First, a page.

Flanked by new legislative leaders and a new Legislature, Gov. Ron DeSantis ushered in a new era in state government Tuesday morning as he presented his first State of the State address to a joint session of lawmakers to mark the opening of the 2019 legislative session.
“Mindful of the economic opportunities that lie before us, understanding the environmental challenges that require our attention, and conscious of our obligations to education and public safety, I consider myself blessed to stand before you, at this particular moment in our history, as Florida’s 46th governor,” DeSantis told lawmakers.
But it was righting a wrong in his first week as governor that DeSantis immediately focused on in his speech. He referred to the the civil rights case from the 1940’s involving four black men who are known as the Groveland Four. The men were wrongly accused of raping a white woman in Lake County.
“Two years ago, the Florida Legislature unanimously passed a resolution acknowledging and apologizing for the “gross injustices” perpetrated, in the middle of the last century, against four African-American men — Charles Greenlee, Walter Irvin, Samuel Shephard, and Ernest Thomas – known as the Groveland Four,” DeSantis said.
DeSantis and the Florida Cabinet granted the pardons in their first week in office.
“It’s never too late to do the right thing,” DeSantis added.
DeSantis had already laid out a partial agenda for the upcoming session. He set a deadline of March 15 for lawmakers to pass legislation lifting the state ban on smoking medical marijuana. He’s proposed additional funding to address the state’s water quality issues and to expand school voucher programs. He’s proposed a $91 billion state budget that would be the state’s largest if approved by lawmakers.
He told lawmakers, “This is just the beginning.”
He encouraged legislators to be bold in order for lawmakers to achieve a big agenda in in this session, especially when it comes to water quality issues.
“Given the persistent water problems we have seen over the past several years, now is the time to be bold,” DeSantis said.
“We cannot leave for tomorrow that which we can do today.”
There are other high profile issues that lawmakers will address over the next 60 days. They will revisit the topic of school safety a year after the Parkland school shootings, including the expansion of the state’s “guardian program” that could include training teachers to carry concealed weapons as a deterrent to future mass shootings.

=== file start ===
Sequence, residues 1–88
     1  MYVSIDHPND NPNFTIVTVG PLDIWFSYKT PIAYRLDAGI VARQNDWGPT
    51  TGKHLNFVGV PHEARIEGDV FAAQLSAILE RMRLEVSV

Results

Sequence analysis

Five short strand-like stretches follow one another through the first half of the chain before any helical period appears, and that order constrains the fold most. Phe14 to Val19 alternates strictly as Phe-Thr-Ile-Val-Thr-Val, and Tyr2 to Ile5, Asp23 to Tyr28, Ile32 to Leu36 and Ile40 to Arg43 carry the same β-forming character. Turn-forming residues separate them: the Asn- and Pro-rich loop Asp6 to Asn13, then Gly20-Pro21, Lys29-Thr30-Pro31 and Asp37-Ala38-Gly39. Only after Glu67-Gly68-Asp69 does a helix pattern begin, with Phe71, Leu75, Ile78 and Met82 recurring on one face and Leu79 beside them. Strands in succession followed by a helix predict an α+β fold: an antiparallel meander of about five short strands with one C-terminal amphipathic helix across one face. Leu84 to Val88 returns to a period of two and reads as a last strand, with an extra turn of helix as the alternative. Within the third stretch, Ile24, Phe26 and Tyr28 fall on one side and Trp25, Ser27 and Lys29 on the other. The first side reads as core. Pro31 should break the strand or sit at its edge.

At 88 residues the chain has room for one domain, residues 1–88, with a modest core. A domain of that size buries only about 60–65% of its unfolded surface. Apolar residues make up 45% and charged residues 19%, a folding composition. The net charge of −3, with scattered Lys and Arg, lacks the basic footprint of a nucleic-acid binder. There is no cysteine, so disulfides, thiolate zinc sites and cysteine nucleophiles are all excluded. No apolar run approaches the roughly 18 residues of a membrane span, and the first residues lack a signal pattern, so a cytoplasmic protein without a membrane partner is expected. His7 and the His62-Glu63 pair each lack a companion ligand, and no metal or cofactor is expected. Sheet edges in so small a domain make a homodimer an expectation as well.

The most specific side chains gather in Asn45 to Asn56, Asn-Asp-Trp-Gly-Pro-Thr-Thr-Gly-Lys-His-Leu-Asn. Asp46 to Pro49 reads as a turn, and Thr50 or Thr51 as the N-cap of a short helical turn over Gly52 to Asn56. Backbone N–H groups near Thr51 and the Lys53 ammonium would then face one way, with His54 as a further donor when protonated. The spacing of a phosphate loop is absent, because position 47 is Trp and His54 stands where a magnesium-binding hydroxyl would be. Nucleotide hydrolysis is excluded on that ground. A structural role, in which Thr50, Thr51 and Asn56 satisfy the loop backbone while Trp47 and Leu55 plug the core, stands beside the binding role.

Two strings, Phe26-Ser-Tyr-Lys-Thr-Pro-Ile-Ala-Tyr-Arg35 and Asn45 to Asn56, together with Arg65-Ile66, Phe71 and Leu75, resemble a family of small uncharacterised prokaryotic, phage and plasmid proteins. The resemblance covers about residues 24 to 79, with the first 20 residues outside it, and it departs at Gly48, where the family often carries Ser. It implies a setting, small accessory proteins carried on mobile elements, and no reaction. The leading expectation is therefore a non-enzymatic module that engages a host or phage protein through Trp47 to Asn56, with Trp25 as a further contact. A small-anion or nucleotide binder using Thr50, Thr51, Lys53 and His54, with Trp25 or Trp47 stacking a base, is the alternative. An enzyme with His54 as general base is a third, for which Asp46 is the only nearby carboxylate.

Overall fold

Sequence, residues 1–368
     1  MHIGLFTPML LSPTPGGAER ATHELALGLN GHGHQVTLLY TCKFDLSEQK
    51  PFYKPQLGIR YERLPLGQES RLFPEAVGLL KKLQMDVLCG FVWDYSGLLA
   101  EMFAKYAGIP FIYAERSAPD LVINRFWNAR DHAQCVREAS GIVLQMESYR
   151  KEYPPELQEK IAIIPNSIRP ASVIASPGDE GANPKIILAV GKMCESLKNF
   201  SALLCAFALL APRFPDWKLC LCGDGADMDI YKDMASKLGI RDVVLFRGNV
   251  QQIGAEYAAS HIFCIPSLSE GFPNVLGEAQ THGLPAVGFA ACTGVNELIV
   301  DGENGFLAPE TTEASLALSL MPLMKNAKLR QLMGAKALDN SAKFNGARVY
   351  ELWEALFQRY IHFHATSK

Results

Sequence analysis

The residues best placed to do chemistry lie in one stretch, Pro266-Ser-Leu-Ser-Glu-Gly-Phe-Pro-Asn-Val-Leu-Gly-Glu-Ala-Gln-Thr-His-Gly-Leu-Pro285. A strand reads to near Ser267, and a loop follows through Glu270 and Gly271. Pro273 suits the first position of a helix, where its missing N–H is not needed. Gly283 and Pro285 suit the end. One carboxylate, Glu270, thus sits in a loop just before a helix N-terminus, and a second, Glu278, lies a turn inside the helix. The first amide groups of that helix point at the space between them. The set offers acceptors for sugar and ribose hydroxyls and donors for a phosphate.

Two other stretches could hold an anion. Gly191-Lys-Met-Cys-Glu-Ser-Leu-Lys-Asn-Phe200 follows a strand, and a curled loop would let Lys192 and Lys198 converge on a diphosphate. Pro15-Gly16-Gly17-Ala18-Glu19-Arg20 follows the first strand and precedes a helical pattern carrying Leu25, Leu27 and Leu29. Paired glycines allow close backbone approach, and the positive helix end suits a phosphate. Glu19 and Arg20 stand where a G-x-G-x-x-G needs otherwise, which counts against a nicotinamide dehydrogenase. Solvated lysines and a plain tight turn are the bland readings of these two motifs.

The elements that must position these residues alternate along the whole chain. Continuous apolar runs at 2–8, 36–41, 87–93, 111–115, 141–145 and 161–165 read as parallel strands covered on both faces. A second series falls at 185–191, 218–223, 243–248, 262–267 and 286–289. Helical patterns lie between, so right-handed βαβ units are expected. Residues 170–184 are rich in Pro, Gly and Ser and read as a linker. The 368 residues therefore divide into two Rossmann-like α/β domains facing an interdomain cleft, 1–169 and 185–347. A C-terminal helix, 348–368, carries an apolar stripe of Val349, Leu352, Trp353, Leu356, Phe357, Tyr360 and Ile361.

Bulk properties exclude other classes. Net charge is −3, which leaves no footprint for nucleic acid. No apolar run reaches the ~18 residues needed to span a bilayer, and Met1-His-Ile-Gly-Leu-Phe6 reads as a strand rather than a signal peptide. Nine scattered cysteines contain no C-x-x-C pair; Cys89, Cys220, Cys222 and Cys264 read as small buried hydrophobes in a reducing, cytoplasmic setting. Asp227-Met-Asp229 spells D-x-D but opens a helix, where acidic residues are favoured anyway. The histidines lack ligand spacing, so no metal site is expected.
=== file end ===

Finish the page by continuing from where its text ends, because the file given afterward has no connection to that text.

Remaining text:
A bill that would ban “sanctuary cities” in Florida is working its way through the committee process, including in the Senate where similar bans have died in recent years.
There’s talk of legalizing sports betting, imposing new limits on abortion and allowing people with concealed weapons permits to carry firearms on college campuses.
DeSantis’ said he didn’t touch on all of the issues important to him, adding he didn’t want to bore people with a long speech.
The State of the State comes a day after the Public Opinion Research Lab at the University of North Florida released a new poll showing that voters approve of DeSantis’ job performance since taking office in early January. The poll shows 60 percent of registered voters approve of the job DeSantis has performed thus far.
Florida Senate President Bill Galvano acknowledges DeSantis’ popularity among voters and state legislators.
“What helps his influence with the Legislature is the respect he has for the process and I think that comes from having served in a legislative body, himself, albeit a very ineffective one,” Galvano said. “But he knows we have to work together and he’s working hard to at least let us know where the executive branch stands.”
But Galvano has been adamant that “the Senate is going to operate within the Senate and we’re going to address the issues as we see fit. I’m not going to have a Senate that is a rubber stamp for the governor.”
Although there is much optimism heading into the new legislative session, there is also cause for concern.
“But great clouds have formed above us,” warned House Speaker José Oliva in his opening day remarks to House members. “An eminent financial and human threat. I speak of course of our healthcare system. Nothing is a great financial threat to the public and private coffers alike as is healthcare. Today, we spend almost more on healthcare than we do on all other things combined. Still, hundreds of thousands go without.”
DeSantis echoed Oliva’s concerns.
“We need to enact policies to make health insurance, prescription drugs and medical care more affordable for Floridians,” DeSantis added.
In closing his first State of the State address, DeSantis proclaimed: “I think we here in this Chamber are the right leaders at the right time.
“Let’s fight the good fight, lets finish the race, lets keep the faith so that when Floridians look back on the fruits of this session, they will see it as one of our finest hours.”